Dillian Whyte will bid to prove he is not a heavyweight myth in the shadows of the Pillars of Hercules on Saturday night.
Gibraltar is known for its tax benefits, the big rock and the strait of the same name where the Atlantic Ocean meets the Mediterranean.
On Saturday night, it will play host to just the second professional boxing card in its history.
Whyte will go for revenge against Alexander Povetkin in this British overseas territory seven months on from his brutal knockout at the hands of the Russian in promoter Eddie Hearn's back garden.
That night all the talk from his team that he was among the elite heavyweights was proven to be just mythology as he lay flat on his back almost in the shrubbery of the old Hearn family home.
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A repeat of that by the strait Hercules created according to Greek folklore would mean his title hopes are history.
Whyte can't let Povetkin land that left uppercut which rocked his senses and world title dreams in the summer again.
But while many businesses use the territory to help their finances, Whyte's heavyweight stock won't rise too much should he get revenge over Povetkin.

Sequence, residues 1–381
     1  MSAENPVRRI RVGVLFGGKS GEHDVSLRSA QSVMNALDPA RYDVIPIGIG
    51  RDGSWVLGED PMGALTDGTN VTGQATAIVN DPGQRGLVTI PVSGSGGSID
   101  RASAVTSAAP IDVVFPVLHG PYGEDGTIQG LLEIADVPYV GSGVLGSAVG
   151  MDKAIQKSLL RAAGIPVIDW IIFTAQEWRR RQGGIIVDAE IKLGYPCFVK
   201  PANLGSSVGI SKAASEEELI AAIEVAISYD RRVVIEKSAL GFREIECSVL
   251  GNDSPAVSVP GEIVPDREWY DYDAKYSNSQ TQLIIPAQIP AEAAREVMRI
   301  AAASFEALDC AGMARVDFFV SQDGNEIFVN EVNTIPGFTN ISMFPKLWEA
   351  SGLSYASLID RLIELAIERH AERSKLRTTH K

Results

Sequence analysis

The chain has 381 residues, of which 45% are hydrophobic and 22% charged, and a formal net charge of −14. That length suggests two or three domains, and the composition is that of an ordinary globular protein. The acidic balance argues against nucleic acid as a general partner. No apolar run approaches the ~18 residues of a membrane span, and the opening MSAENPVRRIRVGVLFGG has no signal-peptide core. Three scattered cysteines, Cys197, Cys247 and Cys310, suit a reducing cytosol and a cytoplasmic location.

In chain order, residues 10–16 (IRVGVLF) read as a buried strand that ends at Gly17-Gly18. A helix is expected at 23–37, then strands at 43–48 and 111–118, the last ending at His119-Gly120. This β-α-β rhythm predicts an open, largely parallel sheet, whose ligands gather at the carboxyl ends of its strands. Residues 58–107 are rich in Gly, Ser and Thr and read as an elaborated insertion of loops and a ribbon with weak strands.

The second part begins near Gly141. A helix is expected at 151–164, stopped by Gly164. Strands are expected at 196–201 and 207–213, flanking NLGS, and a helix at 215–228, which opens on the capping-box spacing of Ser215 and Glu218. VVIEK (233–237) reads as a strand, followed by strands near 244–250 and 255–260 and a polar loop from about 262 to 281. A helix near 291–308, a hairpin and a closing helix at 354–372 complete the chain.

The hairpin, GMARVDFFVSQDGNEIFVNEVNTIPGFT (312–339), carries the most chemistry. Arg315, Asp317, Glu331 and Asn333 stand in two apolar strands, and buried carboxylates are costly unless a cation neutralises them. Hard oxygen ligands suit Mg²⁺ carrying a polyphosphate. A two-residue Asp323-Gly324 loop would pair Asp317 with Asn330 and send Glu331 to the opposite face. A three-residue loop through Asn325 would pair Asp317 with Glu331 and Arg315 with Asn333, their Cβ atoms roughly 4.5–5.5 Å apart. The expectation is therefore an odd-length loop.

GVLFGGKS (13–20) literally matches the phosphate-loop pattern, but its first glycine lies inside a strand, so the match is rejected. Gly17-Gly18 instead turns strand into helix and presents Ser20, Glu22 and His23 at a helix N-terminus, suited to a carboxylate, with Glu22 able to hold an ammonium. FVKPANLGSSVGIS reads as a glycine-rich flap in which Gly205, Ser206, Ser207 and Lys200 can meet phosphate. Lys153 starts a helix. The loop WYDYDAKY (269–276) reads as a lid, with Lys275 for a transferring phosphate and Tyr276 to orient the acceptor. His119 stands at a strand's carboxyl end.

The Russian has turned 41 since they last met and also had a spell in hospital battling Covid-19.
The fact he looked a shadow of his former self in the first four rounds and struggled to stay upward can't be forgotten.
It is two-and-a-half years since defeat at the hands of Anthony Joshua should have sent the 2004 Olympic gold medallist into retirement.
What is left are the technical gifts which caught Whyte cold back in the summer, though.
But beating Povetkin would not prove Whyte's credentials as a world-class heavyweight.
Yet victory would at least spare him from embarrassment after all his claims about being an uncrowned world champion.
After he laughed on camera at Deontay Wilder for getting beaten up by Tyson Fury in February and then moaned about critics taking joy in his defeat by Povetkin, it seems Whyte is keen to avoid being left red faced again.
Of course, revenge will be sweet for Whyte but back in August when they met there was the carrot of a guaranteed shot at WBC champion Fury dangling for the Brixton bruiser.
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This time, even with the WBC 'interim' belt on the line, there is no guarantee of a world title crack in the near future.
Fury is set to be tied up in a two-fight deal with Joshua which could stretch well into next year.
The WBC have shown no signs they would be prepared to take their belt out of that lucrative two-bout affair.
This certainly feels like a fight of big risk and not as much reward if you ignore the pay cheque on offer.
Whyte has stayed on a multi-million pound yacht this week which also houses a casino.
But the biggest gamble by him will take place at the Europa Point Sports Complex on Saturday night.
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